Internet InfoMedia trump advisers call for u s nuclear weapons testing if he is elected
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A former national security adviser says Washington “must test new nuclear weapons for reliability and safety in the real world,” while critics say the move could incite a global arms race that heightens the risk of war.

Allies of Donald J. Trump are proposing that the United States restart the testing of nuclear weapons in underground detonations should the former president be re-elected in November. A number of nuclear experts reject such a resumption as unnecessary and say it would threaten to end a testing moratorium that the world’s major atomic powers have honored for decades.

In the latest issue of Foreign Affairs magazine, Robert C. O’Brien, a former national security adviser to Mr. Trump, urges him to conduct nuclear tests if he wins a new term. Washington, he wrote, “must test new nuclear weapons for reliability and safety in the real world for the first time since 1992.” Doing so, he added, would help the United States “maintain technical and numerical superiority to the combined Chinese and Russian nuclear stockpiles.”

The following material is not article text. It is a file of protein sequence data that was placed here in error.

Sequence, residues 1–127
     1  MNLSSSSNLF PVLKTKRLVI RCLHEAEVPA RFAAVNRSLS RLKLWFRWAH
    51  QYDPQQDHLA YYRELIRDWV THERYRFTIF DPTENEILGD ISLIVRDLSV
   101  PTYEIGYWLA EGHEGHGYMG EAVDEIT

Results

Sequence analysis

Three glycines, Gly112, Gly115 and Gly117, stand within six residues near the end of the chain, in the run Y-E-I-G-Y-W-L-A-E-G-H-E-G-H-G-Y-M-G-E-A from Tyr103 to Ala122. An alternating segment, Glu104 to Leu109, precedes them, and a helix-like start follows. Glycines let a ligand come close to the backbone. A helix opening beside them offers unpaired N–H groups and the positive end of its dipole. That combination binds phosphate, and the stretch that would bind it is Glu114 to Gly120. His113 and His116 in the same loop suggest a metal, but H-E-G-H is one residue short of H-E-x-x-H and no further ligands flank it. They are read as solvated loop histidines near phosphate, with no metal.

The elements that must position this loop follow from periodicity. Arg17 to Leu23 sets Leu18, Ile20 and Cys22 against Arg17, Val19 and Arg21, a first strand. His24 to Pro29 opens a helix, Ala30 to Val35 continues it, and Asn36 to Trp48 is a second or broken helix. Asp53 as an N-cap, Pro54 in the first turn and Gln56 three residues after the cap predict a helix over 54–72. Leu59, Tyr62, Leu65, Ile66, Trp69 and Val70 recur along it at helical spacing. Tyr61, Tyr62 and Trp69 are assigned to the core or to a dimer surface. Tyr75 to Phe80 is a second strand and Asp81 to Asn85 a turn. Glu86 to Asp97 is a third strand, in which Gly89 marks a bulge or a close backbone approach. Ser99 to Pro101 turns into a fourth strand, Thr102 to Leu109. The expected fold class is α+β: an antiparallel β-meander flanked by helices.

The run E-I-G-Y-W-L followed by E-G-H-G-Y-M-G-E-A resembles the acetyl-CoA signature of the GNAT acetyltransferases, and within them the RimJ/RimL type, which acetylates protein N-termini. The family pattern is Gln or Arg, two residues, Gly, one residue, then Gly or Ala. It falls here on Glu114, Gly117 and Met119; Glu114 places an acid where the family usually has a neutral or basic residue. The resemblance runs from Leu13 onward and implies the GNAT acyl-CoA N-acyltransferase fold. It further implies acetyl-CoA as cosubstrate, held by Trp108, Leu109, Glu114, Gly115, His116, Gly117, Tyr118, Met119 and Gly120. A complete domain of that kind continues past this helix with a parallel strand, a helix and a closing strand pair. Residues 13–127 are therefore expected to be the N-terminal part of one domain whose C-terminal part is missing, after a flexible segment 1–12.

At the Cold War’s end, in 1992, the United States gave up the explosive testing of nuclear arms and eventually talked other atomic powers into doing likewise. The United States instead turned to experts and machines at the nation’s weapons labs to verify the lethality of the country’s arsenal. Today the machines include room-size supercomputers, the world’s most powerful X-ray machine and a system of lasers the size of a sports stadium.

In his article, Mr. O’Brien described such work as just “using computer models.” Republican members of Congress and some nuclear experts have faulted the nonexplosive testing as insufficient to assure the U.S. military establishment that its arsenal works, and have called for live tests.

But the Biden administration and other Democrats warn that a U.S. test could lead to a chain reaction of testing by other countries. Over time, they add, resumption could result in a nuclear arms race that destabilizes the global balance of terror and heightens the risk of war.

“It’s a terrible idea,” said Ernest J. Moniz, who oversaw the U.S. nuclear arsenal as the secretary of energy in the Obama administration. “New testing would make us less secure. You can’t divorce it from the global repercussions.”

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